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Disruptive by Design: What Does Work Look Like in 20 Years?

I joined a staffing firm early in my career. Since we were located in the Washington, D.C., area, our clients were all government contracting companies, large and small. I am going to level with you. Before interviewing for that role, I had no idea what the so-called GovCon space entailed and could not have guessed it was so vastly complex. My role as an account manager in staffing brought me two things: a home within which to grow my federal career and an intimate look into staffing for government contracts and the general job market at large. During my time in this space, I have found myself constantly juggling contradictory thoughts on our industry’s future.

What does the future of work look like as a whole? What will the commercial space, the Department of Defense and government roles look like? This is a conversation about opposing expectations from employees to employers, employer to employer, and generation to generation. How do we match desires for flexibility with the rigidity that national security requires? Are younger generations more entitled than our predecessors, or are our expectations in line with a modern world and economy? High school graduates are struggling to meet entrance standards for the military branches. Do we focus on loosening standards or creating physically and academically stronger individuals? If we create a stronger and higher-scoring candidate pool, will these young people choose the military as a viable life path? Do commercial companies really pay much better than the government for commensurate roles, or should this old misnomer be put to rest?

The pandemic opened up a world of possibilities for remote work that most of us could have never imagined. A flexible work-from-home (WFH) policy is standard for much of the workforce. WFH affords employees new ways of living that have not come standard with maintaining corporate jobs. Some people can live a part-time farm life; some take on additional jobs; others get to spend quality time with their children on weeknights; others simply relax and physically and mentally recover from their days. Remote work undoubtedly benefits anyone lucky enough to utilize it. Not to mention the elephant in the room: WFH policies benefit working parents, and particularly mothers. Allowing for remote flexibility significantly contributes to employee satisfaction, thereby reducing attrition. For government jobs that see young workers leaving or avoiding government roles for perks that the commercial world has to offer, building in permanent WFH policies almost ensures long-term loyalty to federal work. Offering remote work is one of an organization’s most affordable attrition-prevention decisions.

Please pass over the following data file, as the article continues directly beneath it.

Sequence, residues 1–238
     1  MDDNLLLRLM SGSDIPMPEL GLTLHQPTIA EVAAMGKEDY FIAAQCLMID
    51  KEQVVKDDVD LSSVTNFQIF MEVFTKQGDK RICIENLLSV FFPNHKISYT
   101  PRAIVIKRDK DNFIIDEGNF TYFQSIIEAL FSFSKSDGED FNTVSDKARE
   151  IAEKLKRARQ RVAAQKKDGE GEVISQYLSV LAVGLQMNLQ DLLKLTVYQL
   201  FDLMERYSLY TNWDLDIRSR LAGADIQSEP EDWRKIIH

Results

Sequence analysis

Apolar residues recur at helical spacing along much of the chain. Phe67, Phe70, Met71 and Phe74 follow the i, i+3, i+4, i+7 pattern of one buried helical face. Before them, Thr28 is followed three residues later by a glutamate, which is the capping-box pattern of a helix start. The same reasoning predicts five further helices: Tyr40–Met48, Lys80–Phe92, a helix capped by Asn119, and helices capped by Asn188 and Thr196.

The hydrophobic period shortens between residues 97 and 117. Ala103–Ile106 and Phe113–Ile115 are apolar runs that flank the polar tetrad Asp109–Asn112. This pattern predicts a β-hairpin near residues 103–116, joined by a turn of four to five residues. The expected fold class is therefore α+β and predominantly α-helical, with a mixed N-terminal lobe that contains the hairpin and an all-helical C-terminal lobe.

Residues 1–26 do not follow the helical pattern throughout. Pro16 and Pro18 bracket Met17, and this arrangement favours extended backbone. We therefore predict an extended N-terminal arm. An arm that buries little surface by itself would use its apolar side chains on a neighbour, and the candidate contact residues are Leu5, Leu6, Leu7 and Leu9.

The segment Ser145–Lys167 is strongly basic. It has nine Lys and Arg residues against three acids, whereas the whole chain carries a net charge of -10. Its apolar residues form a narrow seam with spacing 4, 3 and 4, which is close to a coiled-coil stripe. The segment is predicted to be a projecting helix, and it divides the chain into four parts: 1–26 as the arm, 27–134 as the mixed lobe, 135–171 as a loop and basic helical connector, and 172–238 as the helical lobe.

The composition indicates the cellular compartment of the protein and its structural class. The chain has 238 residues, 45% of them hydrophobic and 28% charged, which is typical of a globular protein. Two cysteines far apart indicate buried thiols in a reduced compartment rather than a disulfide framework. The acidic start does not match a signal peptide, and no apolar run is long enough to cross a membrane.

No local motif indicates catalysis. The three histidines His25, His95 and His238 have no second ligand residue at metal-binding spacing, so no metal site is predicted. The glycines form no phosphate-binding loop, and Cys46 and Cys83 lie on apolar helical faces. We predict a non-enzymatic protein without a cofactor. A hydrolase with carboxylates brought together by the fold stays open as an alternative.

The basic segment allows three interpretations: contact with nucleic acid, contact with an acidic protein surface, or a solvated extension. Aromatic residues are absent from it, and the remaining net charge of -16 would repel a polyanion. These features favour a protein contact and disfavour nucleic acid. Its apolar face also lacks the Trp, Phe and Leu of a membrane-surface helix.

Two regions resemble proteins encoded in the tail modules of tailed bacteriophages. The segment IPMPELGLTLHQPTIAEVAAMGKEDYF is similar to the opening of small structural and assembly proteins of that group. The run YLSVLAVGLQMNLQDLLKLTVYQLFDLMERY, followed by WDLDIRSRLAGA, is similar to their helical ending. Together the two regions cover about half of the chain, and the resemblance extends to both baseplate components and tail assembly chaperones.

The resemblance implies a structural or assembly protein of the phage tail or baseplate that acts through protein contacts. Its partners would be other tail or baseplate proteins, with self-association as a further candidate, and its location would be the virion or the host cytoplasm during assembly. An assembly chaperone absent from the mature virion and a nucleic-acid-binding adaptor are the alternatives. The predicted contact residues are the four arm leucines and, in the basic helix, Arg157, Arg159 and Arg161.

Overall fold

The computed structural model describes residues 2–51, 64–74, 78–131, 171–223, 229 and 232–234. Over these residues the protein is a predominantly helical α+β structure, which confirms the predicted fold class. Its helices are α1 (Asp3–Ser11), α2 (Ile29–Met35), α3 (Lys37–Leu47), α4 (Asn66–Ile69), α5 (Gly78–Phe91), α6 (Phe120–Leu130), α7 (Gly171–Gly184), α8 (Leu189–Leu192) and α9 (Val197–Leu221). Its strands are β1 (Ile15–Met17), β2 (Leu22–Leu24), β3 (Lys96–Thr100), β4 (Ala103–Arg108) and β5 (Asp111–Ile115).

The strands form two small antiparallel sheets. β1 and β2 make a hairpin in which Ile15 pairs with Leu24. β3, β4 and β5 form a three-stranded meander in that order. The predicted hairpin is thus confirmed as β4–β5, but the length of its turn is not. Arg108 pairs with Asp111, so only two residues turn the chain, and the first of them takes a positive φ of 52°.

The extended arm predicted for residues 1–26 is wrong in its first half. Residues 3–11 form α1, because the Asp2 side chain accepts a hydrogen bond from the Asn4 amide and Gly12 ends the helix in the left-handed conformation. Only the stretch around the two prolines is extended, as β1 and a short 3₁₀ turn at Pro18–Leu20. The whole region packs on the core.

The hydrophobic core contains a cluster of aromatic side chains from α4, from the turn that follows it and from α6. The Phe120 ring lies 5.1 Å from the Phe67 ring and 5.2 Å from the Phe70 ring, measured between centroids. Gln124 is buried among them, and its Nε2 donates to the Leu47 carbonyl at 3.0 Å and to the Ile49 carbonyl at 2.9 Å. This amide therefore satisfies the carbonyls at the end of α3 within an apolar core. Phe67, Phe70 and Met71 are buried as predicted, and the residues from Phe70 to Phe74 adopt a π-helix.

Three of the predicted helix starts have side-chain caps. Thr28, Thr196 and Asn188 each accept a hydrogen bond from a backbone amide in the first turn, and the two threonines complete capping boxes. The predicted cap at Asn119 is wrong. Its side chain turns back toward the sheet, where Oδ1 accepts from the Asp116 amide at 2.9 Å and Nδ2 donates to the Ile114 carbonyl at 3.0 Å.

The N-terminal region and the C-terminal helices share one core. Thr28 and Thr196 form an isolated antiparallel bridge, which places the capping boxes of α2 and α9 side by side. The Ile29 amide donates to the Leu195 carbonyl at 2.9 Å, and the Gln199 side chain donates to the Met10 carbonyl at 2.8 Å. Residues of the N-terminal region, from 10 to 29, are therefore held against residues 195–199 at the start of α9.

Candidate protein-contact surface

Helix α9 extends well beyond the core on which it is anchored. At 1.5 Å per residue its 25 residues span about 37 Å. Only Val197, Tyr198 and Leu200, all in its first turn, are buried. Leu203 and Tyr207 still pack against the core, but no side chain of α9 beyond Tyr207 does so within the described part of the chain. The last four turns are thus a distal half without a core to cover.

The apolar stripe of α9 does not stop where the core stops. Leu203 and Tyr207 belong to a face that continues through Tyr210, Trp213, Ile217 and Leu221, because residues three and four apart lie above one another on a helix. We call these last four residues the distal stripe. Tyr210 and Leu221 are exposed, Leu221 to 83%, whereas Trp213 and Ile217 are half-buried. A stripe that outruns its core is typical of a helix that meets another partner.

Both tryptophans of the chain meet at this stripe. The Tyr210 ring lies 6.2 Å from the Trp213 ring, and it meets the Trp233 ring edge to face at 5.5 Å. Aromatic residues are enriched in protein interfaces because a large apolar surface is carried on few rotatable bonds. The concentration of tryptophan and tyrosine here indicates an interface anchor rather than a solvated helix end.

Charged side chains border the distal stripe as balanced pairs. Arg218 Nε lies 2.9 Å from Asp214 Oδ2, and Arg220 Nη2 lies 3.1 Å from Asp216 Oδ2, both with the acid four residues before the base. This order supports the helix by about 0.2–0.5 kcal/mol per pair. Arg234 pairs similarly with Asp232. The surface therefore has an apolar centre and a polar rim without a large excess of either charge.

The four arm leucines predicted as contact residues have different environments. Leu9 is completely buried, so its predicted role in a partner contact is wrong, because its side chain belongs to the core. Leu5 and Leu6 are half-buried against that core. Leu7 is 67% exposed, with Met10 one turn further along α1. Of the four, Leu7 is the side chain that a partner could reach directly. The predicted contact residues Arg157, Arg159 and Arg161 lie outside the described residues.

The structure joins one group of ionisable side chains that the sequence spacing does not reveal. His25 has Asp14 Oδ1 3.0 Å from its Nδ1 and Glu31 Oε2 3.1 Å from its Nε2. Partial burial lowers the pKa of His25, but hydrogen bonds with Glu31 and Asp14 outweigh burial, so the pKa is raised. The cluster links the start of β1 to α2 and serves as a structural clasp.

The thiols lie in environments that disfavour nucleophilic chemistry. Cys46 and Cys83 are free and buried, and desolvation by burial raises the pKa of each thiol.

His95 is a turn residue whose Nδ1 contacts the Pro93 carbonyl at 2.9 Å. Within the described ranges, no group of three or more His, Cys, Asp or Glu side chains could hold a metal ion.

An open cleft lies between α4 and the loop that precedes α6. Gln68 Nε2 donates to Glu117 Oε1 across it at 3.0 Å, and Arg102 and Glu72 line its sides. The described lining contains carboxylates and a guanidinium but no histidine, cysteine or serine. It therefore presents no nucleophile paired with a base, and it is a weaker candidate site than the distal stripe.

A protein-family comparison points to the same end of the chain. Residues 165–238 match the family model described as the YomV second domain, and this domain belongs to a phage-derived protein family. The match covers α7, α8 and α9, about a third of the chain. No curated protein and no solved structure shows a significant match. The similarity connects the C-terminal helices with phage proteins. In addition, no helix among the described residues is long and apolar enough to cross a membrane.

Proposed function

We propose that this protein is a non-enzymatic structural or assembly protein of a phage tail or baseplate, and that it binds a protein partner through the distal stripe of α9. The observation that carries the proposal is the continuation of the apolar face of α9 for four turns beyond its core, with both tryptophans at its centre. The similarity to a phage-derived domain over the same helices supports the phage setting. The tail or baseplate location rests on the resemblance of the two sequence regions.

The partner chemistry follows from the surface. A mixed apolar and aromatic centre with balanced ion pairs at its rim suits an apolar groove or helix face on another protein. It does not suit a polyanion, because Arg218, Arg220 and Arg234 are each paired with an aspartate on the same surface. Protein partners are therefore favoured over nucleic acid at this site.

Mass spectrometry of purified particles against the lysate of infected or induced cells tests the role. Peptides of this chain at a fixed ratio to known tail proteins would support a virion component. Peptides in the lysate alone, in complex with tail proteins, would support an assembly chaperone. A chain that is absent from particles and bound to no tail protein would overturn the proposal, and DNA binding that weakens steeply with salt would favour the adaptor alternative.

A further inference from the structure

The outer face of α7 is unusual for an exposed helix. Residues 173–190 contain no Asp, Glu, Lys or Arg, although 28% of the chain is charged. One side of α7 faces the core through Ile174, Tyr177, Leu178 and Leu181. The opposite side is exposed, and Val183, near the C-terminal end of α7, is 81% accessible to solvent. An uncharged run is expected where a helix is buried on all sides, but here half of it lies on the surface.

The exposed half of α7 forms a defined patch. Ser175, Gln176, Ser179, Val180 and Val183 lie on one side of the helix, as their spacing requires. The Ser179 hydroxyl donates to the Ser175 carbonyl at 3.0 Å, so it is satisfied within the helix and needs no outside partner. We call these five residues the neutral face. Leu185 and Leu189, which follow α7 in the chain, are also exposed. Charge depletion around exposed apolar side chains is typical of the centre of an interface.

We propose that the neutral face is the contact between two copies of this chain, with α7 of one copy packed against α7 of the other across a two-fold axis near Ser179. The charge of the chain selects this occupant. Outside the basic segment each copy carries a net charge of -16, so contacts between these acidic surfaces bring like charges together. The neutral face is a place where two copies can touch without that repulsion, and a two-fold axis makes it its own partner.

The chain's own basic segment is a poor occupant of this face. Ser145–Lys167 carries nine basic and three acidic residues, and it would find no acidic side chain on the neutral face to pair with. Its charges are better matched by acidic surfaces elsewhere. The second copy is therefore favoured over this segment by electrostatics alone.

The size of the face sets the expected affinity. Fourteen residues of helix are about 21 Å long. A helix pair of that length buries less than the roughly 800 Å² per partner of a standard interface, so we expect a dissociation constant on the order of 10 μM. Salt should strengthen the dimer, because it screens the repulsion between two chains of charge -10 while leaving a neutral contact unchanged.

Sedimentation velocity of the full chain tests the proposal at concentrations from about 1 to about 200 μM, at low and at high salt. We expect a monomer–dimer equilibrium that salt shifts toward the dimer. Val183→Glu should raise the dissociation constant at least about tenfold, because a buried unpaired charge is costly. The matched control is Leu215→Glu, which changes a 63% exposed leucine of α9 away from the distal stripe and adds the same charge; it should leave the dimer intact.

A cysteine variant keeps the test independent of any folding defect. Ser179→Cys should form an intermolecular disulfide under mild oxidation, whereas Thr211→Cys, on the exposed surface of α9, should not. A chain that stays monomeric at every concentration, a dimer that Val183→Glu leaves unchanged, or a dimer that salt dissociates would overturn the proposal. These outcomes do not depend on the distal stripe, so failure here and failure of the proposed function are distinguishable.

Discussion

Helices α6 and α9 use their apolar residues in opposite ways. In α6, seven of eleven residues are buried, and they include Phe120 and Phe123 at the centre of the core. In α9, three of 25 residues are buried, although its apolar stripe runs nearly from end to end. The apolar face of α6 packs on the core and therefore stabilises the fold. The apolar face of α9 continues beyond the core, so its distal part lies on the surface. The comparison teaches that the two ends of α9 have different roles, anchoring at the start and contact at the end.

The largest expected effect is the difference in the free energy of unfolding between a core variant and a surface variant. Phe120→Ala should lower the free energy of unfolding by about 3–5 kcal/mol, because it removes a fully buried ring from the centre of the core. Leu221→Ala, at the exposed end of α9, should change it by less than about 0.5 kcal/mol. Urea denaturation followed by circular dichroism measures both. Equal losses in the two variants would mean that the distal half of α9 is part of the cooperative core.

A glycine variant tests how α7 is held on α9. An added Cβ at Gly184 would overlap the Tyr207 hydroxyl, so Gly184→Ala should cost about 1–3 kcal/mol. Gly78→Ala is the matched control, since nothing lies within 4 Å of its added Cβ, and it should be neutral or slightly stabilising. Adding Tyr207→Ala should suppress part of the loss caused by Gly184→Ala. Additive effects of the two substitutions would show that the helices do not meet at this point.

Another line of questioning that takes up sizable real estate in my brain is the generational differences in workers and the worlds in which they have been raised. Are we all just casualties of the environments in which we came of age? How many of our baby boomer and Gen Xer counterparts understand and agree with millennials and our take on work? What will a workforce look like once Gen Z has influenced it? A noticeable change seen in the past 60 years is how lower-level employees can contribute to their teams. What changes are you currently seeing take hold in your companies?

From this piece, I hope you find yourself asking similar questions. When you look around your sphere of influence, how can you retain talented workers? How can you attract younger workers and build strong pipelines for the future success of your organization? Should we focus on shaping work around younger generations’ preferences or better equip young workers for the existing job market?


Carole Coburn is a business development professional based in Virginia.

Disruptive by Design explores innovation and ideas with the potential to expand capabilities and revolutionize products, services and behaviors. The opinions expressed in this article are not to be construed as official or reflecting the views of AFCEA International.